chars can also be used as arithmetic types. An answer to "When should I use char instead of short or int?" would read very similarly to this one, but with different numbers (-128-127 for an 8-bit char, 0-255 for an 8-bit unsigned char)

In reality, you likely don't actually want to use the short type specifically. If you want an integer of specific size, there are types defined in <cstdint> that should be preferred, as, for example, an int16_t will be 16 bits on every system, whereas you cannot guarantee the size of a short will be the same across all targets your code will be compiled for.

  • Keeping in mind all considerations listed above, you might also want to consider it to decrease your disk footprint if writing a lot of data to disk.
    – BernieP
    Jun 23, 2014 at 18:57
  • @user1074069 Good idea. I've added that (as well as mentioning sending data over the network) and mentioned that you should use fixed width integer types rather than types whose width can vary by platform.
    – Eric Finn
    Jun 23, 2014 at 19:08
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    There is no guarantee that access a memory page as short (16-bit) is faster than int (32-bit). For example, if you want a 16-bit quantity from memory and the processor word size is 32, the processor may have to shift the bits left or right to place them in the correct position. Jun 23, 2014 at 19:38
  • Also, accessing 2 16-bit quantities from memory may be faster using a 32-bit fetch. Depends on the Memory Management Unit. Jun 23, 2014 at 19:39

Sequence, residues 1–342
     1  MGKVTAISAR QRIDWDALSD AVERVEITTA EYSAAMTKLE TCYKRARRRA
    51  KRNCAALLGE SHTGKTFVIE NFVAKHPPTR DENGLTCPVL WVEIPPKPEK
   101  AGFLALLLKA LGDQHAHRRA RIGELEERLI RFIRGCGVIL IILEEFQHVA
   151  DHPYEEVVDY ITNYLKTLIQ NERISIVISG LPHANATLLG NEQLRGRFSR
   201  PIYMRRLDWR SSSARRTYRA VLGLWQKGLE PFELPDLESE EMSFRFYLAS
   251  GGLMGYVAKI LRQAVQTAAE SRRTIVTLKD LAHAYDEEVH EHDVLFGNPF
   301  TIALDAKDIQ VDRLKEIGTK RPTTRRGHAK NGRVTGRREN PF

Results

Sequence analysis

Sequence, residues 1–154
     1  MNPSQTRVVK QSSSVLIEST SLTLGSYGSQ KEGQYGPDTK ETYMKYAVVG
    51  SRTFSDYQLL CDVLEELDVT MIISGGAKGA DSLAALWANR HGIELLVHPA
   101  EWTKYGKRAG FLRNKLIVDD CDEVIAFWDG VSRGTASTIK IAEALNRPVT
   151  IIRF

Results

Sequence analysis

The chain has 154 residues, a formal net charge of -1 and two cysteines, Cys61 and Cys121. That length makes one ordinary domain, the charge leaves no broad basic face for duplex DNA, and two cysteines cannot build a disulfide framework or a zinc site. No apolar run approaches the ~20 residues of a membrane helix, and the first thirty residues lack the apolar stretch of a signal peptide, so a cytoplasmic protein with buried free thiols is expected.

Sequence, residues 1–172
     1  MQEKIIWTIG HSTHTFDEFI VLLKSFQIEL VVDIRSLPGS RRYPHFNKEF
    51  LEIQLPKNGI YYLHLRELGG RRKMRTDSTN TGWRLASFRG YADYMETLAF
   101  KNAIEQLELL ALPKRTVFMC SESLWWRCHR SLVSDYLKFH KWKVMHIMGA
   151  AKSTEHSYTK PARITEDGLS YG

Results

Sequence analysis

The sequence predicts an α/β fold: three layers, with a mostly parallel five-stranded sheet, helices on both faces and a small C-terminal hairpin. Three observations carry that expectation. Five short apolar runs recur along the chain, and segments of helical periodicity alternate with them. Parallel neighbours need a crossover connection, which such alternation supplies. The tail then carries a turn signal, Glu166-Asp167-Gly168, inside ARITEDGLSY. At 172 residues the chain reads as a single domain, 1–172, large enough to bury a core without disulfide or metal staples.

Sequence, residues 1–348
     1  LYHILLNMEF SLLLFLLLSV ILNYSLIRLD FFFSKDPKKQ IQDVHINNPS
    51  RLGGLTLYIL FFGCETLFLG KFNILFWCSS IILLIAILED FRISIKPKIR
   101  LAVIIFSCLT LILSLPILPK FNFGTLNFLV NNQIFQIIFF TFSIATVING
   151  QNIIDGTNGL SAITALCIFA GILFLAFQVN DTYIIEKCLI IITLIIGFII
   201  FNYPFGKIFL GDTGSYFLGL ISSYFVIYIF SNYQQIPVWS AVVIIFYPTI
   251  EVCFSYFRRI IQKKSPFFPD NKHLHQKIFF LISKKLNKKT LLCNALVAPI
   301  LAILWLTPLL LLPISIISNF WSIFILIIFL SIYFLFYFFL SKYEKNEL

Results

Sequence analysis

• @ThomasMatthews I was trying to get across that accessing 2048 16-bit values is likely faster than accessing 2048 32-bit values, as the former fits in 1 memory page (assuming 4 KB pages), while the latter takes 2 memory pages. Is there another way to word my answer to make that more clear? Or are you saying that my assumption there is invalid?
    – Eric Finn
    Jun 23, 2014 at 19:42

In general, you don't prefer short over int.

The int type is the processor's native word size
Usually, an int is the processor's word size.

For example, with a 32-bit word size processor, an int would be 32 bits. The processor is most efficient using 32-bits. Assuming that short is 16-bit, the processor still fetches 32-bits from memory. So no efficiency here; actually it's longer because the processor may have to shift the bits to be placed in the correct position in a 32-bit word.

Choosing a smaller data type There are standardized data types that are bit specific in length, such as uint16_t. These are preferred to the ambiguous types of char, short, and int. These width specific data types are usually used for accessing hardware, or compressing space (such as message protocols).

Choosing a smaller range
The short data type is based on range not bit width. On a 32-bit system, both short and int may have the same 32-bit length.

Once reason for using short is because the value will never go past a given range. This is usually a fallacy because programs will change and the data type could overflow.

Presently, I do not use short anymore. I use uint16_t when I access 16-bit hardware devices. I use unsigned int for quantities, including loop indices. I use uint8_t, uint16_t and uint32_t when size matters for data storage. The short data type is ambiguous for data storage, since it is a minimum. With the advent of stdint header files, there is no longer any need for short.

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    How about a word in amd64? On my platform it's 32-bit, which is neither the 16-bit x86 assembly 'word' nor the actual native word size of a 64-bit processor.
    – Big Temp
    Dec 4, 2020 at 11:26

If you don't have any specific constraints imposed by your architecture, I would say you can always use int. The type short is meant for specific systems where memory is a precious resource.